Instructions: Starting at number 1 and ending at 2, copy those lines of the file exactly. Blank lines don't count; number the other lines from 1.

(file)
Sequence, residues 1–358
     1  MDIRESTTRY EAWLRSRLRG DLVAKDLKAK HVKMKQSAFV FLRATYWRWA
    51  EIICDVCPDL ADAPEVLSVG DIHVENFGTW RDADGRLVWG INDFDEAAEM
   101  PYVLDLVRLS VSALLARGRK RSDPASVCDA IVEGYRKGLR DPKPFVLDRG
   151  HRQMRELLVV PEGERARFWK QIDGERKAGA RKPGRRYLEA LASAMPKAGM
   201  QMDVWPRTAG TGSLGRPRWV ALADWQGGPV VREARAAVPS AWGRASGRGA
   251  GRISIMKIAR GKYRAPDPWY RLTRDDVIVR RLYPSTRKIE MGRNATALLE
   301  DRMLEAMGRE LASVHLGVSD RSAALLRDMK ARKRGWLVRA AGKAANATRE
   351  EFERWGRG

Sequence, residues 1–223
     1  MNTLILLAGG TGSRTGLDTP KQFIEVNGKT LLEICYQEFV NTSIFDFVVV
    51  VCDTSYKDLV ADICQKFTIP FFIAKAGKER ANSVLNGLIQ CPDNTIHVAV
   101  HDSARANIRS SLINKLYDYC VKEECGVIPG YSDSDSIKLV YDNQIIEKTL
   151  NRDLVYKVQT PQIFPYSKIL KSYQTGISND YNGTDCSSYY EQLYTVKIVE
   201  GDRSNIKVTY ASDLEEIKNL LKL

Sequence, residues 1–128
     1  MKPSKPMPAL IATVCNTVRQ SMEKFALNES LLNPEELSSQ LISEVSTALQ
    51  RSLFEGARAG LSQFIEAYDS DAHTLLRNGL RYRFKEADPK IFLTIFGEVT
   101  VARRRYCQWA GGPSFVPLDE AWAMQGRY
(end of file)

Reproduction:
Sequence, residues 1–358
     1  MDIRESTTRY EAWLRSRLRG DLVAKDLKAK HVKMKQSAFV FLRATYWRWA